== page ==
The doctor who was accused in Australia of links to failed bomb attacks in the UK says he is relieved to have been cleared and denies any terrorist links.
Dr Haneef gave his first public interview after weeks in custody
Indian Mohammed Haneef said he felt "great... my Lord has restored my honour back to me, that I am innocent".
He was later mobbed by reporters as he arrived at Bangalore airport, in southern India.
Dr Haneef spent nearly four weeks in custody in a case that has led to criticism of Australian authorities.
Asked by Australia's Channel Nine TV whether he had ever been a supporter of a terrorist organisation, Dr Haneef replied: "No, it's not in my nature to ever support or involve in such activities at all.
"[I] never imagined even in my remotest corner of my brain that I would be labelled with such a defaming thing," he added in his first public interview.
The Indian-born doctor was freed on Friday. He left Australia on Saturday, flying via Bangkok to Bangalore to see his wife and new-born daughter.
He was arrested when he tried to make the same trip earlier in July.
Prosecutors had claimed that the doctor's mobile phone SIM card had been found in the burning car that crashed into Glasgow international airport on 30 June.
But it later emerged the card had actually been found in a flat in Liverpool, some 300km (185 miles) from Glasgow, where his second cousin lived.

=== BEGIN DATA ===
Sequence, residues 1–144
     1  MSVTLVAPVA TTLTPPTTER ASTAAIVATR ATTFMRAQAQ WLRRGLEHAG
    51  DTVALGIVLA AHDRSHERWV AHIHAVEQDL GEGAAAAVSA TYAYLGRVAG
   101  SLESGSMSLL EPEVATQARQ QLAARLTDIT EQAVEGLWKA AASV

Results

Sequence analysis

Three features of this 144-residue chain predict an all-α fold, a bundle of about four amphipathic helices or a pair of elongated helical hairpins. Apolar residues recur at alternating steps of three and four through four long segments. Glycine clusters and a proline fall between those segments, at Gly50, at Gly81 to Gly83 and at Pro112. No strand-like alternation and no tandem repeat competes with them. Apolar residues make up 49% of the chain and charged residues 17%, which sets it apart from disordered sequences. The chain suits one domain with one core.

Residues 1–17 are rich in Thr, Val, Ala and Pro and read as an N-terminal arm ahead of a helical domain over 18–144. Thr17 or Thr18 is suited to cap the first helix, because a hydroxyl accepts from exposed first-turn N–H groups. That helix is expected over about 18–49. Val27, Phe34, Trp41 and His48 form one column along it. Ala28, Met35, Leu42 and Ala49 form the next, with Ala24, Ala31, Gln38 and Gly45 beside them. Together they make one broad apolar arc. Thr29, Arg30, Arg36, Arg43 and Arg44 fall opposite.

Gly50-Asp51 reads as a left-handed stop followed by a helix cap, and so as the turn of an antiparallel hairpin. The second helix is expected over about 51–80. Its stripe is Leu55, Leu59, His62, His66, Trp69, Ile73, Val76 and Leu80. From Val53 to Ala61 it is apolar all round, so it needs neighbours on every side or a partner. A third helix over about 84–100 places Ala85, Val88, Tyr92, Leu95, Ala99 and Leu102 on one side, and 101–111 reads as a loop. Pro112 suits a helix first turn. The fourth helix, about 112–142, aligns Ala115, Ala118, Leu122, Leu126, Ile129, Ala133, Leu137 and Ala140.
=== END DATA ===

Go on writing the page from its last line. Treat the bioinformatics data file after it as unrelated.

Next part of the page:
Australia's most senior police officer, Commissioner Mick Keelty, said UK police had provided the inaccurate information.
"Haneef attempted to leave the country. If we had let him go, we would have been accused of letting a terrorist escape our shores," he said.
The charges against Dr Haneef were dropped after Australia's chief prosecutor said there had been mistakes made in the investigation, and because of a lack of evidence.
The case has triggered concern from both legal and civil rights groups, and a call for a public inquiry has come from Queensland Premier Peter Beattie.
He also wants disciplinary action taken against Immigration Minister Kevin Andrews, who says he is standing by his decision to cancel the doctor's working visa, despite the charge being dropped.
Mr Andrews said on Sunday that he still harboured suspicions against the Indian doctor.
The fact that Dr Haneef decided to leave the country "actually heightens rather than lessens my suspicion", he said.
Dr Haneef's lawyers described the minister's comments as "beyond bizarre".
They say they want his name cleared completely, and have demanded the restoration of his work visa so that he can return to live and work in Australia.
This was withdrawn on the grounds that Dr Haneef was said to be of unsuitable character.
Dr Haneef had been working at the Gold Coast Hospital in Queensland when he was detained trying to board a flight to India on 2 July.
It came days after two cars containing petrol, gas cylinders and nails were discovered in London, and a burning car was driven into Glasgow airport.
Three people have been charged over the failed bombings in the UK, including Dr Haneef's second cousin Sabeel Ahmed.